This talk will provide insight into the lived experiences of Indigenous Peoples’ today. Attendees will gain a deeper understanding of the issues that have and continue to contribute to Indigenous oppression in the United States and provide attendees with tangible ways that they can be allies and advocates for Indigenous Peoples.
Madison Eagle (pronouns: she, her, hers) serves as Coordinator for Belonging and Student Support in the Student Life Center for Belonging and Social Change. In this role, she works closely with NativeOSU and La C.A.S.A. She centers her work in mentorship and advocacy for students on campus, with deep investment in creating an equitable and accessible community.
Madison has lived in Ohio her entire life and has lived in the Columbus area since 2010. Madison grew up in Lebanon, Ohio and attended The Ohio State University as an undergraduate. In 2012, she worked as a student employee with Native American and Indigenous Student Initiatives in the Multicultural Center (now the CBSC). As a student she met some of her best friends and her partner in the Center. The work of the Multicultural Center/CBSC is foundational in Madison’s professional career.
After graduating from Ohio State, Madison became the Program Coordinator for Leadership and Social Justice at YWCA Columbus. She spent two years working with young women to provide professional development and mentorship programming. Madison returned to Ohio State to pursue a master’s degree in Social Work. During this time she worked as a Youth Services Coordinator for Kids Club and Senior Service Case Manager at the Clintonville-Beechwold Community Resources Center. She is a Licensed Social Worker and uses this lens to create educational and holistic workshops and programming.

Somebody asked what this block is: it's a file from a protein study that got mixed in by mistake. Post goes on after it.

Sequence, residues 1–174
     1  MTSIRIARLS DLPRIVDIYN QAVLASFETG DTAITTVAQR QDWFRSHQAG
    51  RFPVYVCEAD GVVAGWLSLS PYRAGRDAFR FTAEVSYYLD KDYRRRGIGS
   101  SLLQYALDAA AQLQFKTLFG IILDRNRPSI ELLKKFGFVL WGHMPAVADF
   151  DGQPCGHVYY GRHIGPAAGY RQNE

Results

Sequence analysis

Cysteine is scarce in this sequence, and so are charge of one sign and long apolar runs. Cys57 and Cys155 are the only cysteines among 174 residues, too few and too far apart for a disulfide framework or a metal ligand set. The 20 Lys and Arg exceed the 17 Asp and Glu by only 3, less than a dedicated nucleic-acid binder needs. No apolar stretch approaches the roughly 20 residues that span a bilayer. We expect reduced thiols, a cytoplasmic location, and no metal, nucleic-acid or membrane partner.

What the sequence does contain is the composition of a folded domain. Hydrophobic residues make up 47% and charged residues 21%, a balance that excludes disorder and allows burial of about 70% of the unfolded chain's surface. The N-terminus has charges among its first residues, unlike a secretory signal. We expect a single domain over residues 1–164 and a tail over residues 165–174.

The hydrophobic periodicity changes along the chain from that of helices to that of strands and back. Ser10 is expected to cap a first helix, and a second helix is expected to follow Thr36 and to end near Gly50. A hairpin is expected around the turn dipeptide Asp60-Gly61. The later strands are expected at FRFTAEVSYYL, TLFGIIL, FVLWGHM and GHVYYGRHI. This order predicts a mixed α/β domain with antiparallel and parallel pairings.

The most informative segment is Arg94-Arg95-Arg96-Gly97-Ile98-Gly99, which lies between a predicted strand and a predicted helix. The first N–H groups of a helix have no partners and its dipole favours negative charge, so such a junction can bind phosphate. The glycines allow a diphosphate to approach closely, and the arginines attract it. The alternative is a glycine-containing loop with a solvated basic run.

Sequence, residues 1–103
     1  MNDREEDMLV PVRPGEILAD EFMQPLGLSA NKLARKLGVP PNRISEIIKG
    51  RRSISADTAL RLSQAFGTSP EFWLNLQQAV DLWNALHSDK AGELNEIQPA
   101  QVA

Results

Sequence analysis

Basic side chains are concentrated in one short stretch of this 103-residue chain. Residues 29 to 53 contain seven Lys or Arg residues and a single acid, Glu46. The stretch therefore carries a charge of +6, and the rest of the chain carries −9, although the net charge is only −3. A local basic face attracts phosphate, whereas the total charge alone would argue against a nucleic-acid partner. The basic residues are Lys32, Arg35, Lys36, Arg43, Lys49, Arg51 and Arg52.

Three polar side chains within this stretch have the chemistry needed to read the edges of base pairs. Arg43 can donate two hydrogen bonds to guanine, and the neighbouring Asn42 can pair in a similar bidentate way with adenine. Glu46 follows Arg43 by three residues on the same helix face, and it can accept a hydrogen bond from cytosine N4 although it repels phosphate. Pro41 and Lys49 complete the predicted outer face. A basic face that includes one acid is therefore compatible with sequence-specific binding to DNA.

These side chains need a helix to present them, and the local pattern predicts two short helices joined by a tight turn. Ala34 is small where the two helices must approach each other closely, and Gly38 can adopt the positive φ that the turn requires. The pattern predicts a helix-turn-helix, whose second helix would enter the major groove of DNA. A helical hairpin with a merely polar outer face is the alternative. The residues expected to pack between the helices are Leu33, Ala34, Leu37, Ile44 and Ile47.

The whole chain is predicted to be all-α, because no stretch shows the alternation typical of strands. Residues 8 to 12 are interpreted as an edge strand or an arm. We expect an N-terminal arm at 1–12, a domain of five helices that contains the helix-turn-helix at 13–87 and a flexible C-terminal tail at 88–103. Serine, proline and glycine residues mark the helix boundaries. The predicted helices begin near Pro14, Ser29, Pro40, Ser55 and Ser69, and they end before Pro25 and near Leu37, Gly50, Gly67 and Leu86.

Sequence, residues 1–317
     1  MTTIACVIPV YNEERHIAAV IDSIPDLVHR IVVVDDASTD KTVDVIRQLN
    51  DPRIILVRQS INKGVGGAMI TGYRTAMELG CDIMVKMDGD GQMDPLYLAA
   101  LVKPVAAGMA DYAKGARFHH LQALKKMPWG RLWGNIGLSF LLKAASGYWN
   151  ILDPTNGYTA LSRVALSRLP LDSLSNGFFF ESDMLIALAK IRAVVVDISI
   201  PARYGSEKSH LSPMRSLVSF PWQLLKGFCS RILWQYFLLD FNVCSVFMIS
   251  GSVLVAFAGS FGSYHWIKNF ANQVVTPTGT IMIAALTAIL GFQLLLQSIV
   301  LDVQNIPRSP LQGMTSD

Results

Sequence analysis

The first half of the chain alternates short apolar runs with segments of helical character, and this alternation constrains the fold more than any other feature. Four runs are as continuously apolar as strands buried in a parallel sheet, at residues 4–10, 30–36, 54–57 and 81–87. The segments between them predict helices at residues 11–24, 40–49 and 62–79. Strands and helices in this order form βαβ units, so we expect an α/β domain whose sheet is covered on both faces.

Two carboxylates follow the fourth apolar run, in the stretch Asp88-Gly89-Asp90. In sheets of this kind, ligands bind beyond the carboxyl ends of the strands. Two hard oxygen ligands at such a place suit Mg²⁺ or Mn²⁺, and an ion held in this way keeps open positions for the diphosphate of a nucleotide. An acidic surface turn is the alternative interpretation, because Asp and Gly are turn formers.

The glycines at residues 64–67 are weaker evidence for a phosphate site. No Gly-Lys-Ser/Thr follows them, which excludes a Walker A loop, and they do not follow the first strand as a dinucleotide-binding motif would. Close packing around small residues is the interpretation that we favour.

In her current role, Madison supports students in finding their place and space on campus, providing mentorship, and challenging folks to be curious and critical of the impact of systemic injustice. She has worked in the Center for Belonging and Social Change since 2018 as a full-time professional. Her original role in the center was focused on programming for women students and has transitioned with the CBSC to create intentional spaces of belonging and student support for all while centering the needs of Native American and Indigenous students.
Madison is a lifelong social justice advocate and activist. Her identities are a driving force behind her passion for social justice work. Madison identifies as a woman, Tsalagi (Cherokee), Shawnee, Irish, mother, wife, sister, daughter and Buckeye for life. She strives to advocate and push for change for all peoples through an intersectional and Indigenous Feminist lens.